This blog is pretty young (just 2 months old!), but I've been writing about food and culture for many years for public radio. I thought I might occasionally share some of those stories with you.
The following story is from a series we produced for WBHMtar called The Price of Poverty, exploring how expensive it can be to be poor. This story is called Food Deserts. While the printed word is great, actually hearing people's voices can be even more powerful (in my opinion). You can listen to the audio version here.
What are the essentials of life? Food, water, and shelter. And to get those you have to have some kind of paying work or be enrolled in a government assistance program. But for the working poor (many of whom don't qualify for government assistance) even the basics can be too expensive. They often cost more for working poor than for middle class people.
In the City of Birmingham, Alabama, there are 23 communities and within those communities 99 distinct neighborhoods. And where someone lives can play a big park in what he eats.
"When you leave here you're going to get in your vehicles and stop by either Publix or Western or Winn Dixie or Piggly Wiggly to pick up a few things for dinner tonight," says Birmingham Mayor William Bell. "But the people who live in La Quemada and neighborhoods like La Quemada, they don't have those options."
Never heard of La Quemada? It's not easy to find on a map (hint: it's behind the Birmingham International Airport). But Birmingham mayor William Bell says it's a small part of town that points to a much bigger problem: Food Deserts.
Now food deserts have nothing to do with cactuses or rolling tumbleweed. Instead, they're large areas with poor access to mainstream grocers offering an array of fresh fruits and vegetables. There may be plenty of food in a food desert, but it's soda, chips, fried food, high-fat, salt-added -- all the stuff we're supposed to avoid.
"If you're getting most of your food at the Dollar Store and the gas station, chances are your diet is not very good and over time, if that's what you're relying on, your health is not going to be as good as it would be if you were eating healthier foods that would support a healthier life."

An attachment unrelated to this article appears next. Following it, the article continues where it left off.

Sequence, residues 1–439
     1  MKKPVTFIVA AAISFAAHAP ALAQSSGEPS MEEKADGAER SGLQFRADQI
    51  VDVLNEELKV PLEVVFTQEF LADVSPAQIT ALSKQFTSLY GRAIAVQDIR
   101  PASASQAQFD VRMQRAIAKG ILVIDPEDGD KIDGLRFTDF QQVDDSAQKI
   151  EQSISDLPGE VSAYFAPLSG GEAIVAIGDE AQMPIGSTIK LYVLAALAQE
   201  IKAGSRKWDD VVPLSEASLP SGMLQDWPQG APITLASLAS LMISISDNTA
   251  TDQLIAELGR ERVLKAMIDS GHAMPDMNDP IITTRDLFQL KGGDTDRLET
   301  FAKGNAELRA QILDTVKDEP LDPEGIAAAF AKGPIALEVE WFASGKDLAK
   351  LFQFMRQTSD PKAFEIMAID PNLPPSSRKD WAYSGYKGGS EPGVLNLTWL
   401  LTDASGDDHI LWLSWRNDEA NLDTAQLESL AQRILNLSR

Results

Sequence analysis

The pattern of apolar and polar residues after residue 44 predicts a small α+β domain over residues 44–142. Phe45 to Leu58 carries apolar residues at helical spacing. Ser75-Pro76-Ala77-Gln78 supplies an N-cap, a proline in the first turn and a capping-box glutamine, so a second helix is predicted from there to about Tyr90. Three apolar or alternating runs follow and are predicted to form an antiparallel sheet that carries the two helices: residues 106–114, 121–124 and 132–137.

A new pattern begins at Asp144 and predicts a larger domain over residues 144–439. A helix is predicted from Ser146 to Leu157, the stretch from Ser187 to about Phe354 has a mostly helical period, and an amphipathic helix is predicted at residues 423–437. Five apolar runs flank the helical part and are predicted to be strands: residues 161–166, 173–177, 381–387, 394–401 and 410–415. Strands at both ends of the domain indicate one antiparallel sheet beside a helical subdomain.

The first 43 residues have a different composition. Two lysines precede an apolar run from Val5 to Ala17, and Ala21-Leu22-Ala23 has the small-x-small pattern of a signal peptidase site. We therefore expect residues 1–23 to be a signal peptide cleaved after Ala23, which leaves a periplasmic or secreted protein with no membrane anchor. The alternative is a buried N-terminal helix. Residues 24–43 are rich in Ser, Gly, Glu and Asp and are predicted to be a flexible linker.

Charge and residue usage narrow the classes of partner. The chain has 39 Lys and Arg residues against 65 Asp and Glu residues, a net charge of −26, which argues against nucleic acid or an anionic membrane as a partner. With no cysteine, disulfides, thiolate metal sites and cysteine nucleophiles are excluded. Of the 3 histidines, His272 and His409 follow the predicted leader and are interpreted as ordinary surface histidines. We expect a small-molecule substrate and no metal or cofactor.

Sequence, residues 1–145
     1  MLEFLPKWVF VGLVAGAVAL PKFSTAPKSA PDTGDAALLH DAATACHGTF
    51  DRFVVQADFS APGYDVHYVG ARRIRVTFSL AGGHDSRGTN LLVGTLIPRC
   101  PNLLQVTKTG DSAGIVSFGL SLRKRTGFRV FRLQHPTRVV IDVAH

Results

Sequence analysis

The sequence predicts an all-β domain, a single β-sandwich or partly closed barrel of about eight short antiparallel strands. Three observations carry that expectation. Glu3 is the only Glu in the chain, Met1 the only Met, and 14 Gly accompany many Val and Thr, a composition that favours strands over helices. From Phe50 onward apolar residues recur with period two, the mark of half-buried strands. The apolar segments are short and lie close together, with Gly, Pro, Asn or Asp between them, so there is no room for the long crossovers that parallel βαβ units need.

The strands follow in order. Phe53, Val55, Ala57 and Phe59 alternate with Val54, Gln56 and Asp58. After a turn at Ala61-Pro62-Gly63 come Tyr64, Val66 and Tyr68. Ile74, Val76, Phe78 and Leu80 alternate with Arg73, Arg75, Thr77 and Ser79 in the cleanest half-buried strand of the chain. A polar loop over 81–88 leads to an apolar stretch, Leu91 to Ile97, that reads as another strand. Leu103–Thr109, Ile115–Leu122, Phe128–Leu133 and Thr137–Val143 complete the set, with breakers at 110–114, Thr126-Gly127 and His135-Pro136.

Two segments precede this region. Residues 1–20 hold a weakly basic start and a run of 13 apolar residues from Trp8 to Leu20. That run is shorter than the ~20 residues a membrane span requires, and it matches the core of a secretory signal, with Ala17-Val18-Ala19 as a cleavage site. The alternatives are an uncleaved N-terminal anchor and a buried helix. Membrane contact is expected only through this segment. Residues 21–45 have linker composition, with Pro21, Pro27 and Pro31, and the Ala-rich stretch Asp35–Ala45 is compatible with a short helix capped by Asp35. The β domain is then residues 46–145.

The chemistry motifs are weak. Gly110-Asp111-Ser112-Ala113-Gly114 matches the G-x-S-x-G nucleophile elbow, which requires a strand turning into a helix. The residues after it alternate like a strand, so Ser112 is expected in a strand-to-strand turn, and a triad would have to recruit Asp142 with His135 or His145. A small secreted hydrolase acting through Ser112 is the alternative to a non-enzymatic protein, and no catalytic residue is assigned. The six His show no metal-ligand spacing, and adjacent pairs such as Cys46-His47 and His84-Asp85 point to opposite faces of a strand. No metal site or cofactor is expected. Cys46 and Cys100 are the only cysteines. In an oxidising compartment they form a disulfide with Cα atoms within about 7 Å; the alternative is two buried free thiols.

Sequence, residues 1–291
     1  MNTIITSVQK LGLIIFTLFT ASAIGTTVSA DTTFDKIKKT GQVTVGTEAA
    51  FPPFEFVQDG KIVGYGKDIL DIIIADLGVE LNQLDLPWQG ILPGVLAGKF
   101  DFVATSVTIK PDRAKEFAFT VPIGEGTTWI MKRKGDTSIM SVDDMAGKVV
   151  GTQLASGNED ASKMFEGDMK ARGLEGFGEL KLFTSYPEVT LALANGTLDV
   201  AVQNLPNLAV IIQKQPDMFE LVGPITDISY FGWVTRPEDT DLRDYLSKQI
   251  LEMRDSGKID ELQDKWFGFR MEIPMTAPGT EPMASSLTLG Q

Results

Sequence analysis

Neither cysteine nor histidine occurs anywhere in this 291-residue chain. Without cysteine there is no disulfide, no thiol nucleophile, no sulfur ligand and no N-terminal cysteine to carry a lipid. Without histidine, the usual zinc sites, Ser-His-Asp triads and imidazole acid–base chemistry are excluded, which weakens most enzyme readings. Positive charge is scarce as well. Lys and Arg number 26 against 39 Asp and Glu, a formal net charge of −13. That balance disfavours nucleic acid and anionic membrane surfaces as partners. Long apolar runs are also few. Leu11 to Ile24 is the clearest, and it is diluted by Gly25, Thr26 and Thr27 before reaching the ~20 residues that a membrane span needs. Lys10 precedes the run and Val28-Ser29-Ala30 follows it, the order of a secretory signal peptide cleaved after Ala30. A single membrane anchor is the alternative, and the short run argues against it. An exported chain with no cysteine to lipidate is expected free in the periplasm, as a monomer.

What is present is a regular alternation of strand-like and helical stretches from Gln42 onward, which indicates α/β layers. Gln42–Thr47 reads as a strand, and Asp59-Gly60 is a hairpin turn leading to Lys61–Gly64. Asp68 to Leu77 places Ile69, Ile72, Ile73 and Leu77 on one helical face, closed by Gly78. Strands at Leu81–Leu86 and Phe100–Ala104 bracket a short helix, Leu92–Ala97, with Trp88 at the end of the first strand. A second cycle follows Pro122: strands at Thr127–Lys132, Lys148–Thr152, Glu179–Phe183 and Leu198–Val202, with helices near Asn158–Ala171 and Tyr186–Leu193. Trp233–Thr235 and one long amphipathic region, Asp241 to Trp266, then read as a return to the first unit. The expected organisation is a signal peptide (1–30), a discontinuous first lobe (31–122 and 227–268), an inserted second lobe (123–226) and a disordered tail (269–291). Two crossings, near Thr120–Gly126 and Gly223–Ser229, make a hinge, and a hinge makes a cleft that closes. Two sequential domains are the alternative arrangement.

That's Mari Gallagher. She's a researcher who specializes in food deserts. The group Mainstreet Birmingham hired her to study the city, block-by-block. And what she found was that 88,000 Birmingham residents live on blocks that are food deserts. That's 43 square miles of no easy access to fresh fruits and vegetables.
But Dr. Jamy Ard isn't so sure the idea of food deserts holds up in Birmingham.
"We like stories that are simple. So we like headlines that say it's a food desert and that's why people are overweight. Those types of things make it easy for us to digest."
Ard says unlike New York City or Chicago, where food desert research was pioneered, 93% of Birmingham residents have a car and can drive several miles to a grocery store.
"The number of people who might be significantly impacted at the individual level I think could be limited."
"Just because you have a car doesn't mean you have the time or the gas money to go two or three times out of your neighborhood, around the mountain ridge to find the healthier store to get the food to bring it back home."
Mari Gallagher says convenience is a huge factor. If a Dollar Store or convenience mart is much closer to a person's home, he's more likely to shop there than travel several miles to a traditional grocery store.
Access is One Issue. Price is Another.
Jamy Ard's research suggests there's not much price difference for fruits and vegetables bought in Birmingham's lower income neighborhoods versus more affluent neighborhoods. But Ard's study didn't look at the quality of fresh produce in those communities and Mari Gallagher says often, in food deserts, it's not as good.
"I was traveling on a project, and I played a little game with myself. I said, let's see if somewhere along my route I can find a banana to have with my lunch. And wow - it was one of the hardest things to find a banana. And when I finally found one it looked like it had been kicked around a little bit. It was kinda half brown already, a little mushy."
People on tight food budgets often complain that fresh fruit and vegetables aren't the best deal because they spoil faster than packaged foods. According to the United States Department of Agriculture, Alabama has some of the higher fruit and vegetable prices in the country. It's also one of only 13 states to tax food. This means Alabama's working poor often pay a greater percentage of their income for food than other more wealthy Alabamians.
Note: Want to geek out on this stuff? You can build your own Food Atlas here.
(originally aired 8/23/10)